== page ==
Amazon launches brilliant "WindowShop" website
The value of a great interface is underrated. Many online shops look more like a spreadsheet than a pleasurable retail experience (I’m looking at you, iTunes). That’s why I’m really excited by a new front-end Amazon has created for their site, called WindowShop…
Play.com joins 7digital in the DRM-free corner
Play.com has just become the second digital music retailer to join the DRM-free parade. The site, which previously sold CDs, DVDs and games, has added MP3s from Sony Music, Warner, and Universal. They join DRM-free tracks from EMI and a bunch of indie labels that were already on the site…
EMI launches download store of its very own
I’ve long been puzzled why each major label didn’t set up some sort of digital music store of its own on its own website, where people could get the latest songs, but that wonderment is a topic for another day. Major label EMI, home of Queen, the Beatles and Coldplay, are launching their own download store…
RUMOUR: Amazon MP3 on the gPhone
There’s a rumour floating around the interweb that Amazon’s MP3 store will be available on Google’s forthcoming mobile phone, which there’ll be an announcement on later today. If it’s true, it would be a powerful boot in the face to Apple, Nokia and Sony Ericsson, all of whom have either launched, or are preparing, mobile music stores.
Dell WANTS IN on the MP3 player and music retailing scene?
Box-shifter par excellence Dell is planning to enter the MP3 player market, according to a bit of sniffing around from the Wall Street Journal.
The WSJ reckons that Dell wants a bit of the lucrative music retailing pie as well, so is planning to launch what industry experts will be calling an “iTunes killer” alongside its alleged range of players…
UK supermarket giant Tesco announces Tesco Digital download store
When throwing a bag of carrots and some paper towels into you virtual shopping trolley at Tesco, you’ll also be able to chuck in a few MP3s from the likes of Kylie, Rihanna, and Pete. Doherty, that is, although I wouldn’t place him on top of the bananas in your trolley, you don’t want them to go off too quickly.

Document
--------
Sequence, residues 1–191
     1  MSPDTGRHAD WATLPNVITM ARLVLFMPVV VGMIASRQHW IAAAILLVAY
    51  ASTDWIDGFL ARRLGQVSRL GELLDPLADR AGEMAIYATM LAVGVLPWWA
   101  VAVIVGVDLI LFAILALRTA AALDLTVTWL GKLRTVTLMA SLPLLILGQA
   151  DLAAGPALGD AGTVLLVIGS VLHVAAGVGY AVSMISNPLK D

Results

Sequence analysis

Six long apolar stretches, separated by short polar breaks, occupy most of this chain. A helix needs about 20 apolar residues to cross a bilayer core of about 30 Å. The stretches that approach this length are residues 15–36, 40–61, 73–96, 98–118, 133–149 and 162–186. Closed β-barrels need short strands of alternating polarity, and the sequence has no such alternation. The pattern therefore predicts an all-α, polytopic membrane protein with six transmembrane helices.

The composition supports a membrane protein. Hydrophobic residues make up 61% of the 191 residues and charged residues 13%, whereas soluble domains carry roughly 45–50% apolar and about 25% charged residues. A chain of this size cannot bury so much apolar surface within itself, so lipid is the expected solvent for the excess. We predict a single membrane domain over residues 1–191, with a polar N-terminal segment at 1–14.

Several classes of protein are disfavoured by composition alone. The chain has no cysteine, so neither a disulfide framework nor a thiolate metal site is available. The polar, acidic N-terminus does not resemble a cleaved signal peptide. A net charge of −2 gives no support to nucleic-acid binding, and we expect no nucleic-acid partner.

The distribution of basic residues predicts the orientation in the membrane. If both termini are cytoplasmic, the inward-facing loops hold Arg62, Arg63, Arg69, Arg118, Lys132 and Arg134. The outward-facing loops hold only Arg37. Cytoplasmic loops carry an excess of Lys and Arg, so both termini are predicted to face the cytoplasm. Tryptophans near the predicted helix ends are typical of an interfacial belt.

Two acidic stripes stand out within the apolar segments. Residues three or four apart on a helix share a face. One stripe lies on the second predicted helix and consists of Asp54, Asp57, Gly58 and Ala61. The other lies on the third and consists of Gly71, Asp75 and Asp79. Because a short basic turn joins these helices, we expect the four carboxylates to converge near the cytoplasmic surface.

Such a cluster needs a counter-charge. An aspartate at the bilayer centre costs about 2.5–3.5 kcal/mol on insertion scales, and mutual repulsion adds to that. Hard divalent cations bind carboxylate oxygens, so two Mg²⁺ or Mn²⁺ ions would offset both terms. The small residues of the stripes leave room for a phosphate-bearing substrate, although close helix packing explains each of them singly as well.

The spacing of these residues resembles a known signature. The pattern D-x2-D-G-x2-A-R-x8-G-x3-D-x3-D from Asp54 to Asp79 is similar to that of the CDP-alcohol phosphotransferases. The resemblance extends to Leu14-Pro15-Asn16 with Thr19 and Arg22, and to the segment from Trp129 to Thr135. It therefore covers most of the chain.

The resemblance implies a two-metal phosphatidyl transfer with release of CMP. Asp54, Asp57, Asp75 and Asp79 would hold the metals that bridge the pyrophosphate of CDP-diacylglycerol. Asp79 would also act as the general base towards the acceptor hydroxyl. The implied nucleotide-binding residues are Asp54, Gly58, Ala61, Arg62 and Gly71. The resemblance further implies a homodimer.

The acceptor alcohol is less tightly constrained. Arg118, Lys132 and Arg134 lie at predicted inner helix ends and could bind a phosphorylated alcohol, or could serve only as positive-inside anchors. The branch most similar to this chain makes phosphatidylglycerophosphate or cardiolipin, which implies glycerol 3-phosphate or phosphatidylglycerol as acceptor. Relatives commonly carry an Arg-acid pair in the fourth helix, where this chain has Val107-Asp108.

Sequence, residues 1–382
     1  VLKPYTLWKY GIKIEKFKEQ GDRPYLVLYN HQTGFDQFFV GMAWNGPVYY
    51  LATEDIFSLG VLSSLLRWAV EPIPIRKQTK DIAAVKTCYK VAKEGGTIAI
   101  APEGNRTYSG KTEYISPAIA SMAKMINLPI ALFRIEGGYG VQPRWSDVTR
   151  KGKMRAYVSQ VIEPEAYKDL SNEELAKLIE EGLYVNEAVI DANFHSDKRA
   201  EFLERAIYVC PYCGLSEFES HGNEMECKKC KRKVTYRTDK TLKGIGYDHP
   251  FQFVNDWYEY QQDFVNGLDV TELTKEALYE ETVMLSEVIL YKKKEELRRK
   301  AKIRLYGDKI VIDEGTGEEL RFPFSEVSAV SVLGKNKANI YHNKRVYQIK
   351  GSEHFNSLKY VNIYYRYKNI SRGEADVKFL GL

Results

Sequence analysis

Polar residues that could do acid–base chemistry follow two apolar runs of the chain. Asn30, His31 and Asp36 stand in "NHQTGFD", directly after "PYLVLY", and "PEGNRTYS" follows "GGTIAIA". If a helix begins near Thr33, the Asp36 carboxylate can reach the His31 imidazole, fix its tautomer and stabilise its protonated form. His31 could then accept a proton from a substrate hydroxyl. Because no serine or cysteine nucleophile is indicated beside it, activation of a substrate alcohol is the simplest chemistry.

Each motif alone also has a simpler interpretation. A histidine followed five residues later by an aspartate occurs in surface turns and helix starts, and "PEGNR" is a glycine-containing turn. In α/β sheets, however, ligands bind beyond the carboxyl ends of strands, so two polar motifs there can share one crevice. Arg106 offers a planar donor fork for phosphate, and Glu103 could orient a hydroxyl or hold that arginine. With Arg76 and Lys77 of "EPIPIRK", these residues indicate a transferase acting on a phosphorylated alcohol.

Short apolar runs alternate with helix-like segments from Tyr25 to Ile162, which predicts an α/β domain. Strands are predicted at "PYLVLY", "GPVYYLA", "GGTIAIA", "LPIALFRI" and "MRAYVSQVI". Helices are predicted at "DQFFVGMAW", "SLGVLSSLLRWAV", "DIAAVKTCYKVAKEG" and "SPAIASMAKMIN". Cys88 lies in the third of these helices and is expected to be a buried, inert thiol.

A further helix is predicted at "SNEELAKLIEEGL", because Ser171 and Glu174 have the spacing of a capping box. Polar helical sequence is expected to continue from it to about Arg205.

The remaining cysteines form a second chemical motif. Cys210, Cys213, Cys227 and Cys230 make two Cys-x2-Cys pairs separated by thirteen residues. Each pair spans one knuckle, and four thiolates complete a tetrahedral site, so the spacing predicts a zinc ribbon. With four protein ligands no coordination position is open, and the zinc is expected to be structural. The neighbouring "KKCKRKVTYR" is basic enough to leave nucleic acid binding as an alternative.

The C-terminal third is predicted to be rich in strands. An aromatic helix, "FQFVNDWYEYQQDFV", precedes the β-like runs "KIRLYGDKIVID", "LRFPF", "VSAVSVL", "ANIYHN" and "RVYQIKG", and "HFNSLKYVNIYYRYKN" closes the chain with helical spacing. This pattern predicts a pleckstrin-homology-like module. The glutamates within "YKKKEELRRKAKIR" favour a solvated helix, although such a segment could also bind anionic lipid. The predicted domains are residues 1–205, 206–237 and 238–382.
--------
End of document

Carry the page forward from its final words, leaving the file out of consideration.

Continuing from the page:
Launching in May, Tesco Digital will be selling music downloads, with TV, films and games offered in the near future. The albums and singles will be available…
Xbox 360 Marketplace Video Store arriving in the UK on December 11
A year after Xbox 360’s movie download service launched in America it’s finally coming to the UK – the HD download service launches here next week.
For 250 points you’ll be able to download standard definition movies, or 380 points (£3.20) will get you a full HD version.
The initial UK movie launch line-up is a bit, shall we say, eclectic, with quality stuff like 300 mixing with ancient movies like Superman III, Swordfish (will be good to see Halle Berry’s…
Goodbye Japan, hello Tottenham Court Road: Samsung opens first UK store in London
They may’ve ceased trading in Japan, but Samsung’s beefing up their UK presence, and have just opened their first high-street store here in London.
Up until now, they’ve only ever sold goods in other retailers, or online, but this just-opened store on Tottenham Court Road marks…
EMI to sell entire Radiohead back-catalogue on bear-shaped USB stick
So, hang on. Radiohead have seen out their contract with their label (Parlophone – part of EMI), and struck out on their own with the innovative digital release of new album ‘In Rainbows’. But now EMI’s launched a website called Radiohead Store, to sell special versions of the band’s seven albums from when they were under contract. Cheeky.
Amazon launches AmazonMP3 music downloads store… at last!
Phew. After several months worth of speculation, Amazon has finally cut the ribbon (or whatever the online equivalent is) on its music downloads store. It’s called AmazonMP3, it’s US-only for the moment, and it’s offering over two million DRM-free MP3 files for 89 or 99 cents apiece, with albums priced between $5.99 and $9.99.
Amazon has signed up two major labels for the store – EMI and Universal Music Group – plus thousands of indie labels. The songs are 256Kbps files, and will work on iPods, Zunes, mobile phones, PSPs and any other device you care to name.